Stanford Today Edition: November/December, 1996 Section: On Campus WWW: Minority Alumni
By Elaine Ray
THE OVERWHELMING MAJORITY OF STANFORD'S ALUMNI OF COLOR WHO participated in a recent survey look back fondly at life on the Farm. They take pride in their undergraduate degrees and feel they got a better value at Stanford than they would have elsewhere.
But those same alumni feel that after graduation they are essentially out of sight and out of the university's mind, according to a report presented to the Board of Trustees in October by its Task Force on Minority Alumni Relations.
The task force, headed by trustee Charles Ogletree Jr. (A.B. '74, A.M. '75 Political Science), spent two years examining the attitudes and experiences of minority alumni across the country. It found that 98 percent of minority alumni surveyed say they are satisfied with their undergraduate experience, but, like white alumni, barely 20 percent believe strongly that the university makes them feel that they are still an important part of the community.
Moreover, only 25 percent of respondents express a very strong personal commitment to the institution. Although these statistics include responses from both graduate and undergraduate alumni, the primary focus of the task force was on undergraduate alums.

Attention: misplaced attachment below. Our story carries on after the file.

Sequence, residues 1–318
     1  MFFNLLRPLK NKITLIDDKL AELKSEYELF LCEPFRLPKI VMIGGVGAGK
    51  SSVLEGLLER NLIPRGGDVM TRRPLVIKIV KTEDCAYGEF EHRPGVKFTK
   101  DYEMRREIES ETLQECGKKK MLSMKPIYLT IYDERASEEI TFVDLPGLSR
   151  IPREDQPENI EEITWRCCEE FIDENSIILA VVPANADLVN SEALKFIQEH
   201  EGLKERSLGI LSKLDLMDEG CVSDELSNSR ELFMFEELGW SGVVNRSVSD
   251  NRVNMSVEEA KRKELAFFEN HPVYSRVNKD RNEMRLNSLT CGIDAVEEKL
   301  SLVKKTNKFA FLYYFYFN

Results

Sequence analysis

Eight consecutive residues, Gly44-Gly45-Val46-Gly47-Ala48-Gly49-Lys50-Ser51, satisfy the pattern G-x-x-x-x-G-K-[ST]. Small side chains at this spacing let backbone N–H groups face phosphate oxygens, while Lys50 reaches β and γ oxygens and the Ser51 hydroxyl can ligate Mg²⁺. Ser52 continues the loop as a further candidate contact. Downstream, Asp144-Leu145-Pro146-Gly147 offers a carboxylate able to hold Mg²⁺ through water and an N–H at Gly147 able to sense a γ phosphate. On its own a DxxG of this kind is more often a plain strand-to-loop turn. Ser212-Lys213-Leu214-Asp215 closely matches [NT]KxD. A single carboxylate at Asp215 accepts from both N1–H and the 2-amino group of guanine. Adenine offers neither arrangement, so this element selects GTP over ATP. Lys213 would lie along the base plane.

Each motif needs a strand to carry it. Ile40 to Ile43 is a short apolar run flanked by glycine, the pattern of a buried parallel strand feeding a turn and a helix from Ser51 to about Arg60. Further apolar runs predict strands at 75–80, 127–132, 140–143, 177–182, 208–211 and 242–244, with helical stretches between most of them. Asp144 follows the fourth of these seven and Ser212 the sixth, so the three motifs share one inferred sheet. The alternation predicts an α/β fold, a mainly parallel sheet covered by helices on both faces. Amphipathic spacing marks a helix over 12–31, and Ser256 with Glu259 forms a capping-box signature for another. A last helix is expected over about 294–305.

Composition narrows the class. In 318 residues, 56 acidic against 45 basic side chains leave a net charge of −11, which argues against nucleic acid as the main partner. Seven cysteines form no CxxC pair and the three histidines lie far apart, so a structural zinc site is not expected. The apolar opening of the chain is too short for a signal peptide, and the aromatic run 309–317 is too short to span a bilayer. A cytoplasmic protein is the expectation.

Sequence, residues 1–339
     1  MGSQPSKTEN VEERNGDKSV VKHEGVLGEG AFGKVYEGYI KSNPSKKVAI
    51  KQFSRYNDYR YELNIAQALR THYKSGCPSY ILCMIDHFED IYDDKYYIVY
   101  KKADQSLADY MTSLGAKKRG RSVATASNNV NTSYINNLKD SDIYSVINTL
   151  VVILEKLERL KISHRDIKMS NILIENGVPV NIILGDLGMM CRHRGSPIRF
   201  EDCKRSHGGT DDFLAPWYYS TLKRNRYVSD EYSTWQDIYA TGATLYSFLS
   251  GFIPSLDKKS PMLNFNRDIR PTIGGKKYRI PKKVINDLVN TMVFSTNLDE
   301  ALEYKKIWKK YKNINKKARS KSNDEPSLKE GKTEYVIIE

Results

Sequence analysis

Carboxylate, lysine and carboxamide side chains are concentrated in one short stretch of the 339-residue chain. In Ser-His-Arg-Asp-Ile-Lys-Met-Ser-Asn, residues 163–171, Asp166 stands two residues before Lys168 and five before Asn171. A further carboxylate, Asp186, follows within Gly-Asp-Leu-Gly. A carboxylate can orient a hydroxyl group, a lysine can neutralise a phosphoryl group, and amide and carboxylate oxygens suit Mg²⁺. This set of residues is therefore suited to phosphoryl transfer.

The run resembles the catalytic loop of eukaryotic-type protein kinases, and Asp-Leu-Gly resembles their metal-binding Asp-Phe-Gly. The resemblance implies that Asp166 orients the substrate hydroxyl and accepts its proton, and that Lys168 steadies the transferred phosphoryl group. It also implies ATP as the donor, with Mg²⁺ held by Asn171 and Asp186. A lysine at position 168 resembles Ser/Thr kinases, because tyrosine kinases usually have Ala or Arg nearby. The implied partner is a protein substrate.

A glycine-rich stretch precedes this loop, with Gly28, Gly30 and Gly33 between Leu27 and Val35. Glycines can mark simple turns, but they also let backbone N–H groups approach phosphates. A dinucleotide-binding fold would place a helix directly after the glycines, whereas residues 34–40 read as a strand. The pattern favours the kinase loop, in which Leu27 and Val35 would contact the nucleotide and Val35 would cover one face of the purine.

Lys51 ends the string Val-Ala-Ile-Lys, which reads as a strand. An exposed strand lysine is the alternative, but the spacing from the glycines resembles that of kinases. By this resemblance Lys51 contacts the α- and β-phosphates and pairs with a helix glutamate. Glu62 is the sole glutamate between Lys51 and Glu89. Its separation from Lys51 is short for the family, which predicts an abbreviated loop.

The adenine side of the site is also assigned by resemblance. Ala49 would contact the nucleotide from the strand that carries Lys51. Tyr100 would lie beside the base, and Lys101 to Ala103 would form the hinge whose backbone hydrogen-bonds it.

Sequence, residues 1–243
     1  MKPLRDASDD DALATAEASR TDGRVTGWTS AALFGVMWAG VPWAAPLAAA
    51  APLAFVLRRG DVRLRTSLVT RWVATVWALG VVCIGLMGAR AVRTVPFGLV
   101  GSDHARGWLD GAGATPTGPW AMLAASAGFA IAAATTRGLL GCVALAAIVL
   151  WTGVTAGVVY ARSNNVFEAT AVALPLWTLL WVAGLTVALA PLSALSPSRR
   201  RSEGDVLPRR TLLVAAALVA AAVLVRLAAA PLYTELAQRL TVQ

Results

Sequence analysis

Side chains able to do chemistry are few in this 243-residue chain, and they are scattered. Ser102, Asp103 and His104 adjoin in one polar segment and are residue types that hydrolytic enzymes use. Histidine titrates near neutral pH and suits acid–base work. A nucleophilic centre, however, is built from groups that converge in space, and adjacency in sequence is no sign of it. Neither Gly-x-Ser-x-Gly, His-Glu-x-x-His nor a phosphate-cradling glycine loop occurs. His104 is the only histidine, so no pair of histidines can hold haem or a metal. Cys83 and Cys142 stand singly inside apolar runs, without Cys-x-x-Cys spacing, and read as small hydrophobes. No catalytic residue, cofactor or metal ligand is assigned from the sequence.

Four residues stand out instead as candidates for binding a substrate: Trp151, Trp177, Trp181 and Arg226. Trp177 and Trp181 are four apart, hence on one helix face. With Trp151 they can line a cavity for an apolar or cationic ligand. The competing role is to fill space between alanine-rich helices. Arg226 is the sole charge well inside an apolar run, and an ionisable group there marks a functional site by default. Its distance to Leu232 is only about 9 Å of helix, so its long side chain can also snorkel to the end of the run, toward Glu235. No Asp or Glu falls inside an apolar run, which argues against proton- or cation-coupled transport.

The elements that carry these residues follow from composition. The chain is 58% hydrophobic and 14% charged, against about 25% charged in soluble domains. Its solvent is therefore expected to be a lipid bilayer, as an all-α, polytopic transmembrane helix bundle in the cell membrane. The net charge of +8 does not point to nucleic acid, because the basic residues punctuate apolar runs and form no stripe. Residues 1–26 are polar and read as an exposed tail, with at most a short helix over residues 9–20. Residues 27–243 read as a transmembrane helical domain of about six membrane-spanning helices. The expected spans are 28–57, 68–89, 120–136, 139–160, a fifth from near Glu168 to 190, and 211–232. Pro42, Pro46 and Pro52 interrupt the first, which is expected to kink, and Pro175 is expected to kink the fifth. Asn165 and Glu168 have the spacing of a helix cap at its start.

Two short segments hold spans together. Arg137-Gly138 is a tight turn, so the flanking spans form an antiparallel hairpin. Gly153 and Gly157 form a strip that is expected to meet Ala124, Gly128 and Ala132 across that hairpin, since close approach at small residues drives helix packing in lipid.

To encourage increased engagement, the task force offered eight recommendations, including the creation of an Alumni Volunteer Clearinghouse responsible for identifying and coordinating opportunities for all alumni - regardless of ethnicity - to participate in university life.
The task force also suggested that the university continue and expand research and data collection on alumni of color and develop an "accessible student feedback system" to understand the experiences of current minority undergraduates. Also proposed was the establishment of opportunities for minority student-alumni interaction, including a career mentoring program and visits by alumni to undergraduate residences.
Of Stanford's nearly 150,000 alumni, 10 percent identify themselves as Asian American, Chicano/Latino, African American or American Indian. According to the report, 35 percent of all Stanford alumni under 30 represent those racial groups. ST